The company is spending $10 million on a new back-office system and is about to close its second round of venture capital for $50 million. There is widespread speculation that Flashcom is pumping itself up with as many customers as possible to improve its chances for a successful initial public offering of stock early next year. Sachs said he wants to have 1 million subscribers by 2001. Flashcom isn't alone on the DSL dishonor roll. GTE, Pacific Bell and numerous other smaller DSL retailers, such as InternetConnect, are getting bashed by unhappy customers for failing to fully deliver on their promises. Poor customer service is a universal complaint, and it appears clear many DSL retailers are working with shoestring staffs. DSL representatives at GTE, Pacific Bell and InternetConnect couldn't be reached for comment. "It they don't get better at supporting the DSL service, they won't have many customers," said Lisa Pierce, director of domestic telecom services at Giga Information Group. "The issue is, how much do they care about fixing it? Some will see the light and some won't." DSL vendors prefer to point fingers elsewhere. Gargage in, garbage out. "DSL is a horrible product," said Max Avroutski, CEO of Terabit.Net in New York. "You have to understand how much garbage we have to deal with." Like other DSL vendors, Avroutski blamed the messy DSL provisioning regimen for most of his problems. To get DSL running for a customer, the retailer must work with a competitive local exchange carrier (CLEC), such as Covad Communications or NorthPoint Communications, which in turn has to ask for a local loop from the regional Bell company. The complex dance often goes poorly and leaves the customer without service and angry at the retailer. "We get blamed for everything," Avroutski said. Critical customer data -- such as details about the customer connection -- also often gets lost in the transaction between the local Bell company and CLEC partners. Add to that the fact that the Bell considers the CLEC a competitor and the situation is ripe for errors, industry executives said. "There are hundreds of steps that have to be executed perfectly," said Catherine Hapka, CEO of competitive carrier Rhythms NetConnections.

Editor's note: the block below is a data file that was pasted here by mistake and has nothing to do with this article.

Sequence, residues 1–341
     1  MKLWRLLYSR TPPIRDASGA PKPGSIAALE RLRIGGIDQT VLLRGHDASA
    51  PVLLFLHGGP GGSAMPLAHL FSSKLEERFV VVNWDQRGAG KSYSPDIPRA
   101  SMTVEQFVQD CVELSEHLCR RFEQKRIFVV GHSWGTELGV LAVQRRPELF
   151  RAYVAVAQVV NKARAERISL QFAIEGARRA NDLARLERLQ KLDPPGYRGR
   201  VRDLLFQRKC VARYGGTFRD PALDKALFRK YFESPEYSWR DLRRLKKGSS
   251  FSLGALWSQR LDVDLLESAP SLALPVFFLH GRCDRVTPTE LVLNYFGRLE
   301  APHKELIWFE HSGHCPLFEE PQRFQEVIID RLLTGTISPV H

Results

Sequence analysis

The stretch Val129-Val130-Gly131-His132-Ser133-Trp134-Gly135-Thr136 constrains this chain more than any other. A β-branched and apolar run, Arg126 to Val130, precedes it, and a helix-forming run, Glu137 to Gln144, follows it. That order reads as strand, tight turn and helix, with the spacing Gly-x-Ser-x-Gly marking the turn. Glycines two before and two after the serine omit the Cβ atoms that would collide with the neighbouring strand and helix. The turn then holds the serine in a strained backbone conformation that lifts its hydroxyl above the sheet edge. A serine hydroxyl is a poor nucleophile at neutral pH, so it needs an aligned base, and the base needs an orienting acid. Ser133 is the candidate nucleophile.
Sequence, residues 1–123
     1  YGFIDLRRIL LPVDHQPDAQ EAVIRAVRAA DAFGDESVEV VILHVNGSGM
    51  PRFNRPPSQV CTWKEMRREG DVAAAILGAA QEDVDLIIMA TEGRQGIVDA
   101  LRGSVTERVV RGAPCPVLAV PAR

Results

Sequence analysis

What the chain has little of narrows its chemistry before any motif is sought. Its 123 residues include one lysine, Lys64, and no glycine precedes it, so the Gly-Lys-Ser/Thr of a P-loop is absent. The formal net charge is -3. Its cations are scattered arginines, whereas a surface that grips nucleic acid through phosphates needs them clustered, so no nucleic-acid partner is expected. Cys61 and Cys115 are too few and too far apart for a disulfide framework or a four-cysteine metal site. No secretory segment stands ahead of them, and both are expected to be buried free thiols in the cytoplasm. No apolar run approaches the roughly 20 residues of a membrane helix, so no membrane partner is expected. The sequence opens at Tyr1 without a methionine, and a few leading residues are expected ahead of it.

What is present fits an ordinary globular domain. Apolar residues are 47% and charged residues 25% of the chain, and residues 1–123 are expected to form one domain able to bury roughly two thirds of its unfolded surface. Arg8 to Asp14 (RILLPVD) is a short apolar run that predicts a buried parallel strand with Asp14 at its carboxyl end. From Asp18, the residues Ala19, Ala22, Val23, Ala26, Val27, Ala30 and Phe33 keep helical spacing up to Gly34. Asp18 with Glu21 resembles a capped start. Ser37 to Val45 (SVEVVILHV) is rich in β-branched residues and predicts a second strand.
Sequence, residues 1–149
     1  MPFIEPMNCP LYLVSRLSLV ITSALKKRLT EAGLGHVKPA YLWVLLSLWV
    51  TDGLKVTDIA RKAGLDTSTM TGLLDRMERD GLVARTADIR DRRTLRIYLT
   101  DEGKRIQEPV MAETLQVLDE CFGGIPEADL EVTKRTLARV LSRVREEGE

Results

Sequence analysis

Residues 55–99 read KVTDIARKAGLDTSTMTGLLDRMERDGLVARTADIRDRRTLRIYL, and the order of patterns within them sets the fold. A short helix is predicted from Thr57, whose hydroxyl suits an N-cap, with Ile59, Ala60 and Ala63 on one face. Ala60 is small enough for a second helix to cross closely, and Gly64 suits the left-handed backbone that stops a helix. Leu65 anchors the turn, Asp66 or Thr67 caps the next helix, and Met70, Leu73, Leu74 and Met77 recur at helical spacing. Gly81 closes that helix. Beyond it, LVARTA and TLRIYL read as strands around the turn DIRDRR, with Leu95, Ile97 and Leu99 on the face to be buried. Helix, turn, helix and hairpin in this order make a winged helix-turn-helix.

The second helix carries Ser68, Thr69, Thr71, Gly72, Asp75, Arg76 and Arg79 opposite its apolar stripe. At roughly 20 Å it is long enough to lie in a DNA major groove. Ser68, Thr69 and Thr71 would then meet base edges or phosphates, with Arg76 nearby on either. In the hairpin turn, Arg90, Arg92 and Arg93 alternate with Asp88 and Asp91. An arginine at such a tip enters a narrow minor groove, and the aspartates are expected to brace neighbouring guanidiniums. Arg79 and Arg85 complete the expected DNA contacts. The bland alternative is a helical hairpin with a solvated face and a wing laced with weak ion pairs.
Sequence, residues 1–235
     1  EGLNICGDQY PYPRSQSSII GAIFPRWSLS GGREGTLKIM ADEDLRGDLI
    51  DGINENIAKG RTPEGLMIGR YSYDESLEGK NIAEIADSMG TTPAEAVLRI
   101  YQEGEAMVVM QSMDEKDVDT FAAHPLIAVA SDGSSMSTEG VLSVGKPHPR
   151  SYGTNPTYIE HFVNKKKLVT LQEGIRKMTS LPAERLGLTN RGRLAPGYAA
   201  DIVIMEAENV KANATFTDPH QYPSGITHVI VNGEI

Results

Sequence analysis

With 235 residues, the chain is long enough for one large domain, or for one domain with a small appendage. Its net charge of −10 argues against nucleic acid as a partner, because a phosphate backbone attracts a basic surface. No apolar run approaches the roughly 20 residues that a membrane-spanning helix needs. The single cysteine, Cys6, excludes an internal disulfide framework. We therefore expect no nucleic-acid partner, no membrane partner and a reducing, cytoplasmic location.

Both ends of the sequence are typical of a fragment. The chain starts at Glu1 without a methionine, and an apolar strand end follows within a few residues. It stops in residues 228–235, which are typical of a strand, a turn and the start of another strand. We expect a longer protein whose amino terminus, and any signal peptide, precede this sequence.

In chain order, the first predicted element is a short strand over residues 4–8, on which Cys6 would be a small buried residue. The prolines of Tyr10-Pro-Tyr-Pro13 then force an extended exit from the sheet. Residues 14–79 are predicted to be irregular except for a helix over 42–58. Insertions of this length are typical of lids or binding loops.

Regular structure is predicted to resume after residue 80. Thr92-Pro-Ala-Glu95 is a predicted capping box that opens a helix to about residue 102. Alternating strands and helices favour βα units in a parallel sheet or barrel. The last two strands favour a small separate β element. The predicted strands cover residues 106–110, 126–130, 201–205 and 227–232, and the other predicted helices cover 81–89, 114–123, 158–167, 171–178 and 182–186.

Automation the answer
Provisioning experts said the answer is automation between all the partners in the process, something that probably won't happen for several years. "DSL has a way to go before you can pop a CD in your PC and go," said Avhi Ingle, senior product manager at Covad. That leaves DSL retailer tech support lines jammed with calls. Flashcom wait times range from 20 to 40 minutes, but Sachs said his churn rate is low. "Broadband access services are still rare enough that customers are willing to put up with lousy service, but that situation will change pretty rapidly. People will have choices and they won't have to settle for flaky email or dropped connections," said Warren Wilson, an analyst at Summit Strategies. Larger players such as Bell Atlantic and SBC are moving into DSL, but it remains to be seen whether they can improve their own poor track records in customer service. Meanwhile, DSL wholesalers do their best to duck end-user problems by referring any complaints back to the original retailer. "You can't talk to NorthPoint if you have a problem," said DSLReports.com owner Justin Beech. "And your ISP already has your money and is concentrating on new business." NorthPoint Vice President of Marketing Judy Levine said DSL provision issues are improving and that "Everybody in the process is worried about the success and satisfaction of customers." But that worry doesn't appear to translate into pickiness about which retailers NorthPoint does business with. When asked about Flashcom's problems, Levine said: "I won't comment directly on their business." The situation leaves some customers wondering where to turn for dependable service. Many start-up DSL retailers appear to be selling ahead of their capabilities while larger players arrive. A shakeout in the industry is expected before long. "A lot of these [DSL vendors] won't be in the business much longer," Beech said.